Careers in Condensed Matter Physics
Before 1978, when the American Physical Society changed the terminology, a career in condensed matter physics meant having a job in solid-state physics. The new field now includes the study of liquids, but not how fluids move and the forces acting on them, which is covered by fluid mechanics. One-third of the physicists in the United States have jobs in condensed-matter physics.
Condensed matter physics jobs include the study of Bose-Einstein condensate, a phenomenon predicted by the famous developers of Bose-Einstein statistics 70 years before physicists with jobs at JILA (a research institute operated by the National Institute of Standards and Technology and the University of Colorado) discovered it. This new state of matter emerged when the temperature of rubidium gas was cooled to 1.7 x 10-7 K. At this low temperature, the momentum of the atoms became more known and their location less known to the extent of forming a single quantum state.
Many jobs in condensed matter physics involve the study of superconductors, which have zero resistivity and other technologically useful properties. It is a quantum mechanical phenomenon thought until 1986 to occur at temperatures near 0 K, but certain ceramics make the transition at 90 K. Superconductors can produce the stable magnetic fields required by magnetic resonance imaging (MRI), a multi-billion dollar business. There are condensed matter physics career opportunities in this subfield which is related to magnetic levitation for transportation, digital circuits, power cables, and electronic filters that operate in the frequency range used by broadcast radio, cell phones, and television.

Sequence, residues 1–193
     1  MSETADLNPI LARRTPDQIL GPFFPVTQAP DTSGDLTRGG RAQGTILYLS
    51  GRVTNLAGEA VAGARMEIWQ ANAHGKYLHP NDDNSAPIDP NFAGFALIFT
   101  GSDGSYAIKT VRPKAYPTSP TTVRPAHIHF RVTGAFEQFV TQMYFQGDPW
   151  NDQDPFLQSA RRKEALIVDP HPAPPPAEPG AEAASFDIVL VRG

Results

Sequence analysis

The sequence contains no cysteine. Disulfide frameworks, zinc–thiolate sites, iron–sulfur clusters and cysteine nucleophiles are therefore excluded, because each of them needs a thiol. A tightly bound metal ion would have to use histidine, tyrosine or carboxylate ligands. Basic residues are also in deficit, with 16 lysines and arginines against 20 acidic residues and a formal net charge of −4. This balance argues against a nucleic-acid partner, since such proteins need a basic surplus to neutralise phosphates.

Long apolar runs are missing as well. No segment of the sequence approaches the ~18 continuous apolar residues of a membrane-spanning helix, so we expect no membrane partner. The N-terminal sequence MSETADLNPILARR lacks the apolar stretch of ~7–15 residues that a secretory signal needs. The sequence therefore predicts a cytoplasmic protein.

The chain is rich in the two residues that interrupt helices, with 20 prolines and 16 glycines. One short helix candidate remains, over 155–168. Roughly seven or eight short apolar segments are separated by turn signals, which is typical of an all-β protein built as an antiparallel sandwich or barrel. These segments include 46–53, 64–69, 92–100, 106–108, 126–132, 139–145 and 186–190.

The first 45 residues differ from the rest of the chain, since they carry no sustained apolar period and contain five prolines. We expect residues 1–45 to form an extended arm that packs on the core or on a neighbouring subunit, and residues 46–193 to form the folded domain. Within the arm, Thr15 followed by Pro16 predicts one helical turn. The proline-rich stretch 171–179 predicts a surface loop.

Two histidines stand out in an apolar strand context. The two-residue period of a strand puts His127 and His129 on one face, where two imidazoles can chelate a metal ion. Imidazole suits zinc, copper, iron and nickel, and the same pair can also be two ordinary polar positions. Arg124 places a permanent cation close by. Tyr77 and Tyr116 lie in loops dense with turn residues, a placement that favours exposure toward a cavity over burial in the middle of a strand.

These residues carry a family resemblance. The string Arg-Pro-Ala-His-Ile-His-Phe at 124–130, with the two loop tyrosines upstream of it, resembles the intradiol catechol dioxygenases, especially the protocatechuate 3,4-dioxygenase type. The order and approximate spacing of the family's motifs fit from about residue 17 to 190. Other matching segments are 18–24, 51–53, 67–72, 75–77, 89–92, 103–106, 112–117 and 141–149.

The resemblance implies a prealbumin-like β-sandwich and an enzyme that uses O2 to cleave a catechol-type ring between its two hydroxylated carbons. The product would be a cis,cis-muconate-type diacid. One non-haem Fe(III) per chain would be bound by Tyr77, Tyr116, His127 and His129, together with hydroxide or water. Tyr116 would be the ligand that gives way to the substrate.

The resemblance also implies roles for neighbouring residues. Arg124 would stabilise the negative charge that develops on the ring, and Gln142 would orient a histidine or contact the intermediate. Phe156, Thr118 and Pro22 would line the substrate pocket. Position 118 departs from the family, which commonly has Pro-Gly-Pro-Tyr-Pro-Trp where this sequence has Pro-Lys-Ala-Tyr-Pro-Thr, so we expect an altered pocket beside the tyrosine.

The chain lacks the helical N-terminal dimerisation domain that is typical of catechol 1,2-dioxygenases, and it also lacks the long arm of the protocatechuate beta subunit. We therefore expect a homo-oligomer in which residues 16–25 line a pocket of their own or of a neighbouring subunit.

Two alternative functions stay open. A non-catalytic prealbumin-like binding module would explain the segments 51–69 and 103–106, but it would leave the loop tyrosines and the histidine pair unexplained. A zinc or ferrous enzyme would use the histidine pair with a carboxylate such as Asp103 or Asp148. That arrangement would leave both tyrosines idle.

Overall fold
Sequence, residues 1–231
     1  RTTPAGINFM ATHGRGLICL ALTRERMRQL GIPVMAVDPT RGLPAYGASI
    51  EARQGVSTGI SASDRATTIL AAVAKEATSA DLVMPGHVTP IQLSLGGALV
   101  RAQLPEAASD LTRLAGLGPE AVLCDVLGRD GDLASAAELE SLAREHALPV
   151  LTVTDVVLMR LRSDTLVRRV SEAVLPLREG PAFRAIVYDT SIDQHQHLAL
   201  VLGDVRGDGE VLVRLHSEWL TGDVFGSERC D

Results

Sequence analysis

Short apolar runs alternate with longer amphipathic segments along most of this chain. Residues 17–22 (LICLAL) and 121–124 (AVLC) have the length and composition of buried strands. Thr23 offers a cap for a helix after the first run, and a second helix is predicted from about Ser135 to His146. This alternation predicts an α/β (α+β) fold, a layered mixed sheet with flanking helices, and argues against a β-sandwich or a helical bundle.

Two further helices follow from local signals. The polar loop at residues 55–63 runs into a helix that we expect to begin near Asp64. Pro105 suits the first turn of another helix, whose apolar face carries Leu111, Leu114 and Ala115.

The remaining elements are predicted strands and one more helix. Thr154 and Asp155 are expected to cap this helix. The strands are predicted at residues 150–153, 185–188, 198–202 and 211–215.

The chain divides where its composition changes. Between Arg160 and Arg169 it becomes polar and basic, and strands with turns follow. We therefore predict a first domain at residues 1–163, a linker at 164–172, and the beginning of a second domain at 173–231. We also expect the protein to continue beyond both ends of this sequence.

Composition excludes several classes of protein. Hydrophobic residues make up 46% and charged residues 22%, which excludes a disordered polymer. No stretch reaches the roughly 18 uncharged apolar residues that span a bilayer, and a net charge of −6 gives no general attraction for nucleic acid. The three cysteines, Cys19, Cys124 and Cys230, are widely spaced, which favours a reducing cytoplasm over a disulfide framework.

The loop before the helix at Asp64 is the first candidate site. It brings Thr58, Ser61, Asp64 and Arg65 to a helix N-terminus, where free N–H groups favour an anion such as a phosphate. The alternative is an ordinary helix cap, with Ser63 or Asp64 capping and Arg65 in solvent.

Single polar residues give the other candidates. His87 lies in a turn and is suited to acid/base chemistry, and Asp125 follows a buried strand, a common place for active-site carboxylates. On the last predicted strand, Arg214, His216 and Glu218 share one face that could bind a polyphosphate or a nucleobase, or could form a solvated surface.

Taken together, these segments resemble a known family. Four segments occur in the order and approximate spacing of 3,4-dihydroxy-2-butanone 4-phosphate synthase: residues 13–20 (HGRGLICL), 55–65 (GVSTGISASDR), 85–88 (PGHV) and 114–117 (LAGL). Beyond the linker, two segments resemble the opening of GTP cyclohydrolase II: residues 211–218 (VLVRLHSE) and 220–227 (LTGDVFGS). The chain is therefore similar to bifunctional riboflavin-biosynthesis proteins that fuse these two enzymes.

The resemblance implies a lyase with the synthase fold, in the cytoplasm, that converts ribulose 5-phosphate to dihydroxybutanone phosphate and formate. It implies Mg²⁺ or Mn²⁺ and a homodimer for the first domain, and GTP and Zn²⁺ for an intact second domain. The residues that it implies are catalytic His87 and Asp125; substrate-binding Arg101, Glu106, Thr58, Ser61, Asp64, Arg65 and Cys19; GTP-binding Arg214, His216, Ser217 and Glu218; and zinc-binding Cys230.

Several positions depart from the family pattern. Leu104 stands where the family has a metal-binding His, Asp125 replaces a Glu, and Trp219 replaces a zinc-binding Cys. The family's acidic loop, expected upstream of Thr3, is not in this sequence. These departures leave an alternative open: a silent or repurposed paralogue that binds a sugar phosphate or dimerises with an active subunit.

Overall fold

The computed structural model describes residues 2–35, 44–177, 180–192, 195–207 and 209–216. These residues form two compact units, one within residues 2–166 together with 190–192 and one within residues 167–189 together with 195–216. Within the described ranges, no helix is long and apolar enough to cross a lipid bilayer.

Many jobs in solid-state physics involve research on semiconductors and transistors and require using X-ray crystallography, neutron diffraction, and electron diffraction to study the structure of materials.
Nanotechnology positions are likely to overlap with careers in condensed matter physics. Nanotech controls matter on an atomic scale and deals with structures smaller than 10-7 meters. In 2000, scientists at IBM reported the micro-fabrication of an electronic chip for high-speed data storage. Another example of nanotechnology is using carbon nanotubes (a form of carbon) to make nanomotors. IBM scientists recently reported using a combination of atomic force microscopy (high-resolution scanning probe microscopy) and MRI to get images of viruses with a resolution of better than 10-8 meters.